• The randomness of share prices is related to their volatility.
    • The greater the volatility, the more we would expect a share price to deviate from its mean.
  • Probability Distribution
    • Monte Carlo simulations are based on random draws from a variable with the required probability distribution, usually the normal distribution .
    • The normal distribution is useful when modeling market risk in many cases.
    • But it is the returns on asset prices that are normally distributed, not the asset prices themselves.
    • So we must be careful while specifying the distribution.
  • Step 2: Calculate the Value of the Portfolio
    • Once we have all the relevant market price/rate scenarios, the next step is to calculate the portfolio value for each scenario.
    • For an options portfolio, depending on the size of the portfolio, it may be more efficient to use the delta approximation rather than a full option pricing model (such as Black-Scholes) for ease of calculation.
    • Δoption = Δ(ΔS)
    • Thus the change in the value of an option is the product of the delta of the option and the change in the price of the underlying.
  • Other approximations
    • There are also other approximations that use delta, gamma (Γ) and theta (Θ) in valuing the portfolio.
    • By using summary statistics, such as delta and gamma, the computational difficulties associated with a full valuation can be reduced.
    • Approximations should be periodically tested against a full revaluation for the purpose of validation.
    • When deciding between full or partial valuation, there is a trade-off between the computational time and cost versus the accuracy of the result.
    • The Black-Scholes valuation is the most precise, but tends to be slower and more costly than the approximating methods.
  • Step 3: Reorder the Results
    • After generating a large enough number of scenarios and calculating the portfolio value for each scenario:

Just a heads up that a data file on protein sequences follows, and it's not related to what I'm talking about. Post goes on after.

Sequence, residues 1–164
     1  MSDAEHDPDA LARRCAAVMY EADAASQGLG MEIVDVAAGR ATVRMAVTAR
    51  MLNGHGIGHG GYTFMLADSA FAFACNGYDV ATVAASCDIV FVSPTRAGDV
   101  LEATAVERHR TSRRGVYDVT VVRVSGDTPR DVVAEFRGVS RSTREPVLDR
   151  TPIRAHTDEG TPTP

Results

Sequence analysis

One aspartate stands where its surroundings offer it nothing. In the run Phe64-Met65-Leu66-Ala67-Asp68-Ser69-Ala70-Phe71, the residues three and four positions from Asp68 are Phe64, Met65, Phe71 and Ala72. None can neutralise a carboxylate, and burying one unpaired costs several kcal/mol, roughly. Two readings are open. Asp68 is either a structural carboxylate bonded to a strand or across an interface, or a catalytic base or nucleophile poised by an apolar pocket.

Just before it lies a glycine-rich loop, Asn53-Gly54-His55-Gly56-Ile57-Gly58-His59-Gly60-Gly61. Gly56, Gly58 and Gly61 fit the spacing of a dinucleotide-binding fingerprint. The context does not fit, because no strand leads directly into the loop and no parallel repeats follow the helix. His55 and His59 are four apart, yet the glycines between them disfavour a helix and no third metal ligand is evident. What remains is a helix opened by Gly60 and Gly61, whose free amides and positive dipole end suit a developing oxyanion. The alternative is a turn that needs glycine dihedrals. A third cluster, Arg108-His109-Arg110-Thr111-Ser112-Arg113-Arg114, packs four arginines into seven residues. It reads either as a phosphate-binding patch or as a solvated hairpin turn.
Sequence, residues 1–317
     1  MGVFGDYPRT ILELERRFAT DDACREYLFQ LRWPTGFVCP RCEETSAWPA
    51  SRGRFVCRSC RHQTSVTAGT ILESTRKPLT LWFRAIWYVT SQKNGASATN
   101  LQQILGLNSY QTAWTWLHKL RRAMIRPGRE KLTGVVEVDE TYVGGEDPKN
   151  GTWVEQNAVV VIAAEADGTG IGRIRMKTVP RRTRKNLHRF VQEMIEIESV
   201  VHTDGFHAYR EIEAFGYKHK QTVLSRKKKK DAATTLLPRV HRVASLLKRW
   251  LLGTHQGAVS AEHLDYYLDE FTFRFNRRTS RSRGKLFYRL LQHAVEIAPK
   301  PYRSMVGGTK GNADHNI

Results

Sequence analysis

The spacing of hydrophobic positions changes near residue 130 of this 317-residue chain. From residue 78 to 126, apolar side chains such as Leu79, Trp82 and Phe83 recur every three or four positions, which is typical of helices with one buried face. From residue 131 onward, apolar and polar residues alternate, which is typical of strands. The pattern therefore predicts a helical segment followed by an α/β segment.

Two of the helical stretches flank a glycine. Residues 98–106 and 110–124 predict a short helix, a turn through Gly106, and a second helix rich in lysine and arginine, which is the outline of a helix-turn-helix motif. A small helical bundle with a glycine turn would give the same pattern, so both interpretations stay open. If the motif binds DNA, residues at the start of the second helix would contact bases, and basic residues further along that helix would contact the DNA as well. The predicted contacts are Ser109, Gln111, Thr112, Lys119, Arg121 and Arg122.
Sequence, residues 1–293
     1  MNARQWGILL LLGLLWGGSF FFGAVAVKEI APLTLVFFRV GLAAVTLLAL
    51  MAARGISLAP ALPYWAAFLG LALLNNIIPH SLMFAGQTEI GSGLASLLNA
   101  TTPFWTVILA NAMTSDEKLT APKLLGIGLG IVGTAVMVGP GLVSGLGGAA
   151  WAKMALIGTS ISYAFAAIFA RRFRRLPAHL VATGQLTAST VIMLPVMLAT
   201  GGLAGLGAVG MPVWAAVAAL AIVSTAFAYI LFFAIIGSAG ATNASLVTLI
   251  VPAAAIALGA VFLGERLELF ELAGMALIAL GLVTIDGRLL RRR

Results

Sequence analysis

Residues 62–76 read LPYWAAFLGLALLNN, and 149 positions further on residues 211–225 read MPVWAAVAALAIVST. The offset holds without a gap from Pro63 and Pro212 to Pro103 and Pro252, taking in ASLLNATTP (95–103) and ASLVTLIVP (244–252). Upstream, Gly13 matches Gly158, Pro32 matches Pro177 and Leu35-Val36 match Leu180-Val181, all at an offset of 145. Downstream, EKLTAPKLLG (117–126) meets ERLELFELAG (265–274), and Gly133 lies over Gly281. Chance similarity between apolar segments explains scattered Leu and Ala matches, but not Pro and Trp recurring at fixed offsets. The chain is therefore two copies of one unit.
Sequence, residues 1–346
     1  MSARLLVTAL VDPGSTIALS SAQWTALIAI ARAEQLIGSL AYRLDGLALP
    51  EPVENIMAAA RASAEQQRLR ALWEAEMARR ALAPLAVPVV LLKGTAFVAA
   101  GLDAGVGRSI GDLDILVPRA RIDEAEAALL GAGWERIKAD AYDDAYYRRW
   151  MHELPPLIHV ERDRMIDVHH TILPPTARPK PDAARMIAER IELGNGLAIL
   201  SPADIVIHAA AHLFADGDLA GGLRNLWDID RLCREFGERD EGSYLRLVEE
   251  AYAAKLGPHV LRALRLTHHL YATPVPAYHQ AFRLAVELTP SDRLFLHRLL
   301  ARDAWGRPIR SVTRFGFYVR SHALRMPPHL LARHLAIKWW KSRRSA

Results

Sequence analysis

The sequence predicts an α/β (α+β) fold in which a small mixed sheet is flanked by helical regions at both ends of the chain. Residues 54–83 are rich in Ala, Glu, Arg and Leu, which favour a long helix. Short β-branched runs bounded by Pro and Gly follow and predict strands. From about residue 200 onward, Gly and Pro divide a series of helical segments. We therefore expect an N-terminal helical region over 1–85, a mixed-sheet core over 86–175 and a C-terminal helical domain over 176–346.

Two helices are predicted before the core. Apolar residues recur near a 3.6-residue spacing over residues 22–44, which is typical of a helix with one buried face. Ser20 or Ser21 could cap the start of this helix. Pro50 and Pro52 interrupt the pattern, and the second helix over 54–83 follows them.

• the results are reordered by the magnitude of the change in the value of the portfolio (Δportfolio) for each scenario
      • the relevant VAR is then selected from the reordered list according to the required confidence level
    • If 10,000 iterations are run and the VAR at the 95% confidence level is needed, then we would expect the actual loss to exceed the VAR in 5% of cases (500).
    • So the 501st worst value on the reordered list is the required VAR.
    • Similarly, if 1,000 iterations are run, then the VAR at the 95% confidence level is the 51st highest loss on the reordered list.
  • Formula used typically in Monte Carlo for stock price modelling
  • Advantages of Monte Carlo
    • This method can cope with the risks associated with non-linear positions.
    • We can choose data sets individually for each variable.
    • This method is flexible enough to allow for missing data periods to be excluded from the VAR calculation.
    • We can incorporate factors for which there is no actual historical experience.
    • We can estimate volatilities and correlations using different statistical techniques.
  • Problems with Monte Carlo
    • Cost of computing resources c an be quite high.
    • Speed can be slow.
    • Random Numbers may not be all that random.
    • Pseudo random numbers are only a substitute for true random numbers and tend to show clustering effects.
    • Quasi-Monte Carlo techniques have been developed to produce quasi-random numbers that are more uniformly spaced.
    • Monte Carlo is based on random draws from a variable with the required probability distribution, often normal distribution.
    • As with the variance-covariance approach, the normal distribution assumption can be problematic .
    • Monte Carlo can however, be performed with alternative distributions.
    • Model risk is the risk of loss arising from the failure of a model to sufficiently match reality, or to otherwise deliver the required results.
    • For Monte Carlo simulations, the results (value at risk estimate) depend critically on the models used to value (often complex) financial instruments.
  • Historical Simulation
  • Introduction
    • Historical simulation is one of the three most common approaches used to calculate value at risk.
    • Unlike the Monte Carlo approach, it uses the actual historical distribution of returns to simulate the VAR of a portfolio.
    • Use of real data, coupled with ease of implementation, has made historical simulation a very popular approach to estimating VAR.
  • Few assumptions
    • Historical simulation avoids the assumption that returns on the assets in a portfolio are normally distributed.
    • Instead, it uses actual historical returns on the portfolio assets to construct a distribution of potential future portfolio losses.
    • From this distribution, the VAR can be read.
    • This approach requires minimal analytics.
    • All we need is a sample of the historic returns on the portfolio whose VAR we wish to calculate.
  • Steps
    • Collect data
    • Generate scenarios
    • Calculate portfolio returns
    • Arrange in order.